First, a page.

O’Sensei was repeatedly quoted as saying that the purpose of Aikido was masakatsu agatsu, katsu ayame – true victory is self victory, right here, right now. Through masakatsu agatsu, the conceit of self is challenged and eroded by the eternal truth which is pure perception of endless, infinite emptiness, forever present in the present moment – pure presence. With eternal truth, one meets circumstances with grace rather than with fear.

A hallmark of a genuine Buddhist practitioner is a truly peaceful mind. Advocating peace is not enough. One must have a mind that remains unflustered and nonaggressive even in extreme circumstances, including when one is provoked.
– Rita M. Gross, “Buddhism and Religious Diversity”

With eternal truth, response becomes a choice, and reactions, both emotional and mental, are no more. Pure perception of the eternal present becomes the peaceful mind, a mind manifesting from harmony of the physical, mental and spiritual self.

Maybe we think that nirvana is a place where there are no problems, no more delusions. Maybe we think nirvana is something very beautiful, something unattainable. We always think nirvana is something very different from our own life. But we must really understand that it is right here, right now.
– Maezumi Roshi, “Appreciate Your Life”

The eternal present is the infinite emptiness that surrounds physical, mental and emotional secretions. Delusions and suffering come from planting secretions in past memories or future desires. Secretions of the body, mind and heart cannot grow in the eternal present, for only emptiness exists, within which purity abides. Right here, right now, is the eternal present – katsu ayame.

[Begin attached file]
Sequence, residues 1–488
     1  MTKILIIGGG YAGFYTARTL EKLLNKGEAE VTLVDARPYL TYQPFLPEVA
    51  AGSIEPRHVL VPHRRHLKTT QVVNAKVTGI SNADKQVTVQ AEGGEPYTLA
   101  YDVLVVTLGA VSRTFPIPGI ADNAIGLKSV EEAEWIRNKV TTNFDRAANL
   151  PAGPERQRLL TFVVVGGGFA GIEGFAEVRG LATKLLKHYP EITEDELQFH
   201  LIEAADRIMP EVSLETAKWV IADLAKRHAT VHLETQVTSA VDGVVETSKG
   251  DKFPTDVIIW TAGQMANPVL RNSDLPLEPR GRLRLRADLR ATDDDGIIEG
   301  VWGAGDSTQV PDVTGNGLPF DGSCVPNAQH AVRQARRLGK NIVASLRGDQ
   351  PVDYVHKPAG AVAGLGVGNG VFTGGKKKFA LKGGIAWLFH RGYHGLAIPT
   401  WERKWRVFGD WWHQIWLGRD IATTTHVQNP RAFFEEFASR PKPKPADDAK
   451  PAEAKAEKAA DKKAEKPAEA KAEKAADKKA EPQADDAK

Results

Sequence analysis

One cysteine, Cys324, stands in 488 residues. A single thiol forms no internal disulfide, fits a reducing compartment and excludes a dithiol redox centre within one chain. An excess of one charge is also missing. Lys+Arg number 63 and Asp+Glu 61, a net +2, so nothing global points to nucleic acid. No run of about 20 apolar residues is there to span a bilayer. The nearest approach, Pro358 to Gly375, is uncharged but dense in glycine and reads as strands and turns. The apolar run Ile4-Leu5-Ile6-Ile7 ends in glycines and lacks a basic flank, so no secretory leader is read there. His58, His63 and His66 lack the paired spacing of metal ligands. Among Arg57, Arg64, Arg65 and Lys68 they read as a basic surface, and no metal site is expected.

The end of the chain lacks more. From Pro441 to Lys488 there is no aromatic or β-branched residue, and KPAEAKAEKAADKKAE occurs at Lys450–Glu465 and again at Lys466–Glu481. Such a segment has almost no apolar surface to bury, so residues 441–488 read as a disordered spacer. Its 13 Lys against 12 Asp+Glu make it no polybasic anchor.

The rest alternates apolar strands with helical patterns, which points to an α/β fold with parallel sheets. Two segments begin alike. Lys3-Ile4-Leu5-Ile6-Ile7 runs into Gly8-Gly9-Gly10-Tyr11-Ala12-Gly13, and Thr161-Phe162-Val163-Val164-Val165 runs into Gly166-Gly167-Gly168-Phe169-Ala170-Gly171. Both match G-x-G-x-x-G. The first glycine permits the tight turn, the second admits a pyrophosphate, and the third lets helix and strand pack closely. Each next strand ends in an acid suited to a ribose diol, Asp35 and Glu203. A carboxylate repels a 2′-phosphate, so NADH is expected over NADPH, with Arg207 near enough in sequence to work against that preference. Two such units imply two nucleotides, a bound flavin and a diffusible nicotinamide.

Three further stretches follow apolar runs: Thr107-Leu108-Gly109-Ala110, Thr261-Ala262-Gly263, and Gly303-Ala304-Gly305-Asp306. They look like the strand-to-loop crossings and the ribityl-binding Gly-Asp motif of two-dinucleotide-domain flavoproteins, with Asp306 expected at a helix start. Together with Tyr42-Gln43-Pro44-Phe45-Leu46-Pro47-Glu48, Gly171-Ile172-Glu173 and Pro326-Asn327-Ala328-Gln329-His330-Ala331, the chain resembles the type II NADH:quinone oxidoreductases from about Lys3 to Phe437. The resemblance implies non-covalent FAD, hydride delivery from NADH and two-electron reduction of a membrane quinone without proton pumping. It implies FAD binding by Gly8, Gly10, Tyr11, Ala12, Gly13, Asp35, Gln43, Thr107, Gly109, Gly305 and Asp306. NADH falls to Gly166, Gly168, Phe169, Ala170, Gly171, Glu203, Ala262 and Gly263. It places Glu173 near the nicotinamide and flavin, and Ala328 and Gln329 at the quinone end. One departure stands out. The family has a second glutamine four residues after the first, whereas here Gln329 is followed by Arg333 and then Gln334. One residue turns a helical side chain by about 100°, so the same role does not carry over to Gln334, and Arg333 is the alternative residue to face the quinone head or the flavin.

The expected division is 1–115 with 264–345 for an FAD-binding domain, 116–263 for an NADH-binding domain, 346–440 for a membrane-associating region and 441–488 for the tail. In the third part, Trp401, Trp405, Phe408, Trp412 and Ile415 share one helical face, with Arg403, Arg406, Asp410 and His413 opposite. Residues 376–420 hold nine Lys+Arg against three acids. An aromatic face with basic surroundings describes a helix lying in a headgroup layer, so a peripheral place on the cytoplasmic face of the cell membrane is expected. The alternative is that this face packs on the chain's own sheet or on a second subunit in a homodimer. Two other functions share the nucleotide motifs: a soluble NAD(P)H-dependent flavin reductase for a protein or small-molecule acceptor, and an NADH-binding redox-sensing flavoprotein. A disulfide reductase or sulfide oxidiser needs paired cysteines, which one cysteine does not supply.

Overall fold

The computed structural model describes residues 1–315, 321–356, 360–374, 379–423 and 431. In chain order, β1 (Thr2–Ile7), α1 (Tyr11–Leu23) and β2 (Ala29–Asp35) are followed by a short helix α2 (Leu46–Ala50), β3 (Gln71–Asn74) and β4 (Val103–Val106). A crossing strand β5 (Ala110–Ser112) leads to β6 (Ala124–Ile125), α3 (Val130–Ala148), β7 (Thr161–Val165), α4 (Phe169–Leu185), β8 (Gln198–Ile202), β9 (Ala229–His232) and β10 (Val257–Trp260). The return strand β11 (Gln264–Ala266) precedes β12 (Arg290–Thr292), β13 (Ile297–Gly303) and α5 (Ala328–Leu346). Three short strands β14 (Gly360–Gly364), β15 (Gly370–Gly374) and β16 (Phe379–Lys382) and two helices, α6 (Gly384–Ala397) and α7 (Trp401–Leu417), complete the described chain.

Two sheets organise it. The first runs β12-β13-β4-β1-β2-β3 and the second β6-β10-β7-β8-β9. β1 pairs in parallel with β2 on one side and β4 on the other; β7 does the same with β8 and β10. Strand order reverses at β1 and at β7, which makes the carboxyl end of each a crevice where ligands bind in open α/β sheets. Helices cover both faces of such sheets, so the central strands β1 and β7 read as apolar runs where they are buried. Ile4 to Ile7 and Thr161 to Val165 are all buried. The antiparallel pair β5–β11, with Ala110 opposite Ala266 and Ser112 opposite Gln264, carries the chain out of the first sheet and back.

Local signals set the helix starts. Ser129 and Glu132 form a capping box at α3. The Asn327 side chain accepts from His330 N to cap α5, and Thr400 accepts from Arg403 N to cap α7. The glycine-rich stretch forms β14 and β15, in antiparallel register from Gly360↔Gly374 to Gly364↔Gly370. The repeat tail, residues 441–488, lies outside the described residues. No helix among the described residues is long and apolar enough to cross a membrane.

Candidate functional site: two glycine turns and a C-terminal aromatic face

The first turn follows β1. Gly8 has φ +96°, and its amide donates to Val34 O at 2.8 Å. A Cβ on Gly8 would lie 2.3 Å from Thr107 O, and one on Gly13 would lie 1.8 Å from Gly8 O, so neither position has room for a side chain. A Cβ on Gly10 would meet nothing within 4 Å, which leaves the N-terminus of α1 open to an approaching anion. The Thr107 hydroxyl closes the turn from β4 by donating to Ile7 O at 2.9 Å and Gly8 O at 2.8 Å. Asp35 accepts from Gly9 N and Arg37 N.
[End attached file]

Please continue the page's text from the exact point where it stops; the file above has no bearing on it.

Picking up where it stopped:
If one puts his mind in the action of his opponent’s body, his mind will be taken by the action of his opponent’s body.

If he puts his mind in his opponent’s sword, his mind will be taken by that sword.

If he puts his mind in thoughts of his opponent’s intention to strike him, his mind will be taken by thoughts of his opponent’s intention to strike him.

If he puts his mind in his own sword, his mind will be taken by his own sword.

If he puts his mind in his own intention of not being struck, his mind will be taken by his intention of not being struck.

If he puts his mind in the other man’s stance, his mind will be taken by the other man’s stance.

What this means is that there is no place to put the mind.

~ Takuan Soho

Within the pure present and infinite emptiness, if one puts the mind in his past regrets, his mind will be taken by his past regrets. If he puts his mind in his future desires or fears, he mind will be taken by his future desires or fears.

Within the pure present and infinite emptiness, one cannot even put the mind one millisecond behind or ahead of the infinite present – otherwise, the mind will be taken by the past or the future. One must therefore not only be wary in what one puts the mind, but when – past or future.

With the mind in the pure and infinite emptiness of the present, the mind will have no place or time to go.

And harmony of mind, body and spirit will manifest.

“Any notion of time takes you out of presence.”
– Ken McLeod, An Arrow to the Heart

The past cast with one’s flesh
Memories and recollections echo
Images and sounds, shadows and light
Etched in emptiness

The future painted with one’s mind
Desire and curiosity create
Wind and currents, space and time
Projected into nothingness

The present manifested with one’s soul
Impermanence and change resides
Infinite space, timeless breath
Forever fleeting

The infinite point from one’s harmony
Endless and eternal light
Flowing waves, dark torrents
Comes to know without knowing

“One must be deaf to the conceptual articulations and rely on the indefinable experience of knowing itself”.
~Ken McLeod